New From Eotech: X320 Handheld Thermal Imager

It doesn’t actually get mounted to a gun, but Eotech’s new X320 handheld thermal imager is beyond cool. It’s the size of a pair of roof-prism binoculars and gives you the almost magic ability to see through camouflage and foliage, or to track warm footprints over cold, hard ground. It’s not really priced for recreational use yet, but the cost of this technology is dropping faster than you might think. Make the jump for some creepy, skull-eyed infrared video . . .

I filmed this through the lens with a small camera, and I’m amazed it worked at all. The actual thermal image is of course much larger and more focused than this highly compressed, 3rd-generation low-bandwidth YouTube video. Trust me, it’s pretty weird.

The X320 weighs 13 ounces, runs for six hours on two AA batteries and lists for $3799. Still too pricey for a Christmas present, but within the reach of law enforcement and wilderness rescue groups.


  1. avatar William Burke says:

    Looks like a scene from THEY LIVE. The Bigfoot researchers are going to go nuts over this little thermal imager.

    1. avatar Chuck in IL says:

      I have come here to chew bubblegum and kick ass…and I’m all out of bubblegum.

      1. avatar Ing says:

        I got a couple pieces left… Here, have some.

        1. avatar Ralph says:

          Pieces of which?

    2. avatar R Long says:

      Came here to say this, leaving satisfied.

  2. avatar MD says:

    Thanks Chris. Looks cool. I understand that FLIR is showcasing a new thermal image device for hunters. If you have a chance to visit their booth, I’d love to see it.

  3. avatar Tyler Kee says:

    Having used these hunting pigs in GA, I can’t tell you how amazing they are on a cool night. Something like this would allow some walk n’ stalk to get in position on nocturnal piggies. From that point, you could light them up under red/green light with a traditional rifle/scope combo. At nearly $4000, they aren’t a steal per se, but if you’ve got a pig problem, they could pay for themselves in lost crops fairly quickly.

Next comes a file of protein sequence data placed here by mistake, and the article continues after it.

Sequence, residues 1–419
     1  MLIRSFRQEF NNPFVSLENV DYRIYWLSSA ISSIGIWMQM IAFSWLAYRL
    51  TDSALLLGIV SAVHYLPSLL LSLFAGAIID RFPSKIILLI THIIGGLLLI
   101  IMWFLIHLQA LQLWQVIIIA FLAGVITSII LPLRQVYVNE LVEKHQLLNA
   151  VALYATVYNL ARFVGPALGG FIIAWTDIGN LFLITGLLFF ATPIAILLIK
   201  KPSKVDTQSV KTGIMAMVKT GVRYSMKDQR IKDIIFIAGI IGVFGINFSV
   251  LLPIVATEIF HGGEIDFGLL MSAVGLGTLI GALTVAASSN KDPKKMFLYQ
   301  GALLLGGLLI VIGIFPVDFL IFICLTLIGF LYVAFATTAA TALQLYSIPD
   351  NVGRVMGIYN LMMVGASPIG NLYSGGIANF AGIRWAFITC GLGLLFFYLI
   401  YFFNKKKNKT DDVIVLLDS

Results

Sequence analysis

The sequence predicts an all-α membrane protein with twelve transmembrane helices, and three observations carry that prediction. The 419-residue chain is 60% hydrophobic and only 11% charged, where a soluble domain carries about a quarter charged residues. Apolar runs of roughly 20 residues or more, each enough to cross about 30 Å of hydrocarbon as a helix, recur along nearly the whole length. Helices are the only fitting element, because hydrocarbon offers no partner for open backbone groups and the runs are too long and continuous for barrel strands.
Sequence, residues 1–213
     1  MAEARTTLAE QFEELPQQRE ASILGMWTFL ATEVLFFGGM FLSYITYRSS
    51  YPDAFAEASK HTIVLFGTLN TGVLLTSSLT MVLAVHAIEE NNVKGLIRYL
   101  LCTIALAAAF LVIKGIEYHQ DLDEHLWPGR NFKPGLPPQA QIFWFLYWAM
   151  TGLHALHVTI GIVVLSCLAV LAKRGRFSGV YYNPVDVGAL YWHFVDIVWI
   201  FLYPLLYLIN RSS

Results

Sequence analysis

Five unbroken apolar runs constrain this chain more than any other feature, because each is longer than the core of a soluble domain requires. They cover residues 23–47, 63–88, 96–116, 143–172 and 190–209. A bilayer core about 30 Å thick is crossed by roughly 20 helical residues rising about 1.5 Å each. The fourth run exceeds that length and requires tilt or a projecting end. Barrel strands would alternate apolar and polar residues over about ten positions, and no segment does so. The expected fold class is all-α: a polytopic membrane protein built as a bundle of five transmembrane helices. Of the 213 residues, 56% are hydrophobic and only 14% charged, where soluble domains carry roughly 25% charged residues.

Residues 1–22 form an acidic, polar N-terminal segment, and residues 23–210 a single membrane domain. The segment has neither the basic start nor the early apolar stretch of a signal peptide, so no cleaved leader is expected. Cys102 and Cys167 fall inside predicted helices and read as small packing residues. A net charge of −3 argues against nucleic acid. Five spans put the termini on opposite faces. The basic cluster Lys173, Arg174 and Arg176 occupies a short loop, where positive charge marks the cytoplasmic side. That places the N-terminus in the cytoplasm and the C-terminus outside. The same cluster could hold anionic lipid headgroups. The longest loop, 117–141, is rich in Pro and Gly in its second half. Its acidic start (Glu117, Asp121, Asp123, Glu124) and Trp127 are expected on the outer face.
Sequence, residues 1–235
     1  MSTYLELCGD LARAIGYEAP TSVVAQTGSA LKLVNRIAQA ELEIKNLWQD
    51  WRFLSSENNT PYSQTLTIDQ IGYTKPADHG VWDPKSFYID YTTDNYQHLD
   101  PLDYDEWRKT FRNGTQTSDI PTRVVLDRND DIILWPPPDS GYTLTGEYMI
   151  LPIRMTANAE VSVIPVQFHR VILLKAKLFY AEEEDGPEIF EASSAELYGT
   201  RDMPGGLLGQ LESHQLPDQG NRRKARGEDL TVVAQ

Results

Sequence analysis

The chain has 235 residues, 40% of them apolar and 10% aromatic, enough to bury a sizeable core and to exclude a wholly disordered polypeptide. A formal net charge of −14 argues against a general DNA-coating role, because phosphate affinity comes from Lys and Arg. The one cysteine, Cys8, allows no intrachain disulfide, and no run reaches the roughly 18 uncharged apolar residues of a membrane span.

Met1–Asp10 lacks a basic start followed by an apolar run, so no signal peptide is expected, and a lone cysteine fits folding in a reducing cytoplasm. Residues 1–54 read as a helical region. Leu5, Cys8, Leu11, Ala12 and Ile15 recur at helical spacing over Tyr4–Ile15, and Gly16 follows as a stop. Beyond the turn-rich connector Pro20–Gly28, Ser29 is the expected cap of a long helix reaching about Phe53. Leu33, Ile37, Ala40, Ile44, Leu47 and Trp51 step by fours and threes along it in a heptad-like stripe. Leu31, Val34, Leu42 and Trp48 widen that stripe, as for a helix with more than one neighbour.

4. avatar PeterK says:

    I want one! WHY am I so poor, haha?

    1. avatar Ralph says:

      “After a time, you may find that having is not so pleasing a thing, after all, as wanting. It is not logical, but it is often true.”

      1. avatar Hal says:

        She may have been a bitch, but T’Pring was hot.

        1. avatar Pat says:

          Would not mind hoisting a Romulan Ale or two with her. She had no need for a cloaking device from the looks of her.

  5. avatar ready,fire,aim says:

    let me know when it gets to under $200.00 then I’ll take the plunge….

  6. avatar Dave Curry says:

    I’ll buy one when they are $379 instead of $3799.

    1. avatar SH says:

      Check out the upcoming Flir One. $350 MSRP (plus the cost of an iPhone 5 or 5S). Expected in Spring with Android version out later in the year.

      It also uses the phones camera to do some nifty image overlays. Or just straight up thermal images.

      1. avatar uncommon_sense says:


        I just reviewed this at FLIR link you provided and there is a HUGE drawback: their new camera can only process/display environments down to 32 degrees F. So if you ever wanted to use their imager in cold environments, it won’t work.

        1. avatar SH says:

          Thanks. Just posted it for those who think a real thermal imaging system is too pricey. I would expect some significant draw backs at this low cost.

      2. avatar geeknik says:

        I saw this last year and missed getting in early, but the Mu Thermal Camera ( will support iOS and Android when it’s released. Not sure it’s going to beat Flir to the market, but it’ll be interesting to see if one side or the other files suit because they copied or stole something. 😉

  7. avatar fred farkle says:

    “It doesn’t actually mounted to a gun” . Is that so?

    1. avatar Matt in FL says:

      The one post I don’t read…

  8. avatar Doug says:

    When I was in Iraq my Company had 2 PAS-13s. We never really used them but they were fun to play with. It was amazing how sensitive they were. You could press your hand on a wall for 2 seconds and then see the thermal imprint left by you hand. I also had the opportunity to play with more advanced thermals at JRTC. I remember looking at a 5 gallon water can at 500 feet and being able to see the water inside the water can. It would be really cool if this technology comes down in price in the next couple of years.

  9. 339612 1969Id forever want to be update on new articles on this web site, bookmarked ! . 126308

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